By Daniel Hunter

The Mayor of London, Boris Johnson, has hailed an announcement that the Tour de France will return to London in 2014.

The organisers of the Tour have confirmed that the world famous race will take place in London for only the second ever time; and that the capital will host the climax to the British section of the race, which begins in Leeds.

It is five years since London hosted the ‘Grand Depart’ of the Tour de France and the Mayor hopes that the capital will enjoy a similar or even greater economic windfall to the £90m it is estimated was generated by the race throughout London and the southeast in 2007.

The news that the Tour de France will return to London comes only a matter of months after Londoner Bradley Wiggins became the first Briton to win the Tour, and hot on the heels of the capital hosting a hugely successful Olympic and Paralympic Games in which Team GB cyclists put in a series of outstanding performances.

The Mayor of London, Boris Johnson, said: “I am thrilled that the Tour de France will return to the UK and no location could be better than London for what will no doubt be an exhilarating climax to the British section of the race. This year we proved our expertise not just in hosting world class sporting events, but in winning them too, and I am sure Bradley Wiggins and several of his compatriots will be hugely excited at the prospect of the Tour returning to their home streets.”

Christian Prudhomme, the Tour de France Director, said: “The Grand Départ 2007 in London is an unforgettable memory for the Tour de France. It was a resounding popular success and the riders’ journey past such emblematic places as Trafalgar Square, Big Ben, Westminster Abbey, Buckingham Palace and also Tower Bridge contributed to the splendour of the event. Bradley Wiggins’ historic victory last July, the immense enthusiasm in the streets of London during the cycling events at the Olympic Games and the excellent relations we enjoy with our contacts in London are all determining factors that encouraged us to return, seven years later, to the British capital. There is no doubt that it will once again be a major event enthusiastically welcomed by Londoners.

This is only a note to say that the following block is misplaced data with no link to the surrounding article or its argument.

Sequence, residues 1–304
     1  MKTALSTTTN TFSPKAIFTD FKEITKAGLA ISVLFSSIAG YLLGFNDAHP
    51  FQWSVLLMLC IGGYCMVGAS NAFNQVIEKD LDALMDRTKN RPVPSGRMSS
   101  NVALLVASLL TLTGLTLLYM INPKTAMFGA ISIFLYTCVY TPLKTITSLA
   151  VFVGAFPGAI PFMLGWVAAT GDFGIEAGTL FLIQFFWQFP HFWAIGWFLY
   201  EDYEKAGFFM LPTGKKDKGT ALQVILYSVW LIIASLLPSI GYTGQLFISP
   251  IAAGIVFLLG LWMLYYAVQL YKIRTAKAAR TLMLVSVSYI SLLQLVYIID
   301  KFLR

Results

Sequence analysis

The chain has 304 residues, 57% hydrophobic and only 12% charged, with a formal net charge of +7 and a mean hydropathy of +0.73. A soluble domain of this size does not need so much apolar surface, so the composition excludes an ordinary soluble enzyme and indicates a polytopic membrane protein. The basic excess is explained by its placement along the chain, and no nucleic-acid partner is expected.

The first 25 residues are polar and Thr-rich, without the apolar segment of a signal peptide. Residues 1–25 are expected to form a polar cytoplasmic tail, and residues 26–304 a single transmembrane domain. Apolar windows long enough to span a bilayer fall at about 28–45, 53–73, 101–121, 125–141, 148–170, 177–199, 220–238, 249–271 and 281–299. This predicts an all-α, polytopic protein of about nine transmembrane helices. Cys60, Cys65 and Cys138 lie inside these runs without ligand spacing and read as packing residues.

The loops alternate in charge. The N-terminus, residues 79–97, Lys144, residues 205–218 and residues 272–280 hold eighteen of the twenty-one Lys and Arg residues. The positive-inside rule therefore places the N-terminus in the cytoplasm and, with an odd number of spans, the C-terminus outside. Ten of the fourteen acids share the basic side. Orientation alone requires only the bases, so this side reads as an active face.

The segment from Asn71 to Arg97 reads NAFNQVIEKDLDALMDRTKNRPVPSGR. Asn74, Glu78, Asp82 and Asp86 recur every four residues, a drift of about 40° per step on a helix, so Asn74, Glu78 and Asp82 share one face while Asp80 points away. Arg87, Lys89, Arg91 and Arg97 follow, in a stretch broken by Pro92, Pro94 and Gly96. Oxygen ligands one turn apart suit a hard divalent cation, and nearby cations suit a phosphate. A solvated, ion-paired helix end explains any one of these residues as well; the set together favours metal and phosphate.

Cycling is becoming ever more popular in London and in 2013 the capital is set to host its own two day world class festival of cycling. RideLondon will feature a series of events for amateur, club and elite cyclists, and it is believed hosting RideLondon and the Tour de France is likely to inspire thousands more Londoners to take to two wheels.

RideLondon will take place over the weekend beginning 3 August 2013, one year on from the 2012 Games. It is also predicted to generate tens of millions of economic benefits for the capital and will include a 100 mile road ride that begins in the Queen Elizabeth Olympic Park.

With record numbers of cyclists in London the Mayor is soon to release his vision for the future of cycling in the capital. The Transport for London Business Plan outlines how the Mayor intends to transform cycling in London by investing a total of around £913 million in cycling over the next decade - representing the greatest investment in cycling that the UK has seen.

London’s Transport Commissioner, Peter Hendy CBE said: “I’m delighted the Tour de France and the famous Yellow Jersey will return to the capital’s streets in 2014. When London hosted the Tour De France Grand Départ in 2007 we had a spectacular weekend. Millions lined the streets and it significantly boosted the number of people cycling in the capital.

“The Tour de France is the largest annual sporting event in the world. Like the London 2012 Games, it will showcase our city as a world class visitor destination and has the power to inspire even more Londoners on to two wheels, particularly following the heroic successes of Great Britain’s world class riders.”

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